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Phoenix's rave scene has been a breeding ground for dynamic DJs for decades. One of its more recent standouts is Srija Serineni, who has worked her magic on the mixers as FAIRYDVST at desert parties, warehouse ragers, and forest campouts since debuting in 2016. What separates Serineni from other local DJs, other than being a south Asian woman performing in a scene largely white and male, are her forward-thinking mixes that weave new music from undiscovered bass house, U.K. garage, and future house artists with darker and weirder grooves. She was dropping producers like Qlank, Nostalgix, and Moksi on underground crowds well before they became staples of EDM playlists. Serineni still gigs at raves, including her own, but has crossed over to more mainstream events, bringing her outsider mentality and early adopter savvy to clubs and festivals. Local EDM promoter Relentless Beats began tapping her for events after she placed highly in a 2019 DJ battle. She's also lit up house music nights at Bar Smith, Hi Score Club, and Zuma Grill, putting clubgoers on the dance floor at each spot under her sonic spell.
Renowned Phoenix concert promoter Danny Zelisko has done and seen it all — and he's the first to tell you about it. In his 2020 memoir, All Exce$$: Occupation: Concert Promoter, he spins unforgettable (and often wild) yarns from 45-plus years of producing more than 10,000 gigs since the mid-'70s for a who's-who of music legends in the Valley and elsewhere. Like helping Pink Floyd sell out back-to-back nights at Phoenix Municipal Stadium in 1988. Or booking Paul McCartney at Sun Devil Stadium in 1990, or smoking weed with Perry Farrell when the now-defunct Compton Terrace hosted the first Lollapalooza show in 1991. As enthralling as this behind-the-scenes glimpse was to read, it told us what we already knew: Zelisko has profoundly shaped and influenced the local concert scene for decades, from mentoring Crescent Ballroom/Valley Bar co-owner Charlie Levy early in his career to advising the current proprietors of Celebrity Theatre after longtime owner Rich Hazelwood died in March. And he keeps bringing icons like Styx, Cheap Trick, and George Thorogood to town for fans of a certain age to enjoy and younger fans to discover. Keep going, Danny — we aren't ready for you to hang up that backstage pass yet.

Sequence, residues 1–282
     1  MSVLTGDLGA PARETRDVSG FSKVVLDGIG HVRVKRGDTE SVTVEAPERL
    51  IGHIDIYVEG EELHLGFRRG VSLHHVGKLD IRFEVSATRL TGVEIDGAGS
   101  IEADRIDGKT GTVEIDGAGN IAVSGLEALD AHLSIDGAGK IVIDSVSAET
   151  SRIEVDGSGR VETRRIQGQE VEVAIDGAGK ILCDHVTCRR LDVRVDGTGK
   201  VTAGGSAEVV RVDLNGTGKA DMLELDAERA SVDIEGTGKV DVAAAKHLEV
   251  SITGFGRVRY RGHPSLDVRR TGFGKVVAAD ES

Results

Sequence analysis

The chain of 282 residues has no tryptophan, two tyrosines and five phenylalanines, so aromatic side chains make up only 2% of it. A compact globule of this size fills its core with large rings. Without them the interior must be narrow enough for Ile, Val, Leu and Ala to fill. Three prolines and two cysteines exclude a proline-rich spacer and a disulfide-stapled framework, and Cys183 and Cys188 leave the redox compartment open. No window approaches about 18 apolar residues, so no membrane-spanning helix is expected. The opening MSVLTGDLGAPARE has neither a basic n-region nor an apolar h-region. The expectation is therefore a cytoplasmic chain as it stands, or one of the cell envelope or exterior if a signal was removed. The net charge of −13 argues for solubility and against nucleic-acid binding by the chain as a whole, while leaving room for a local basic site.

It never fails. Every weekend night, a crush of clubgoers invade Scottsdale's bar-heavy entertainment district by the thousands to drink, dance, and debauch. Typically, the destination for this roving horde of 21-to-35 party monsters is the intersection of Saddlebag Trail and Indian Plaza. This T-shaped crossroads is a nightlife epicenter of the Valley: There are a dozen hotspots within stumbling distance of each other, each with its own vibe, DJ selection, and amenities. Along Indian Plaza, there's a posh nightclub (Pretty Please) next to a beer garden (Bottled Blonde) next to a tequila-and-tacos joint (Casa Amigos) topped with a boutique bowling alley (Skylanes) across from a pool party haven (Maya). Over on Saddlebag Trail, hip-hop hub INTL, country bar Dierks Bentley's Whiskey Row, and open-air dance club Hi-Fi compete for attention spans. The scene is chaotic, bordering on shitshow territory, and Scottsdale Police usually block off both streets to traffic, so forget about rolling up in your ride. Stick with those speedy golf carts instead to get you to and from the madness.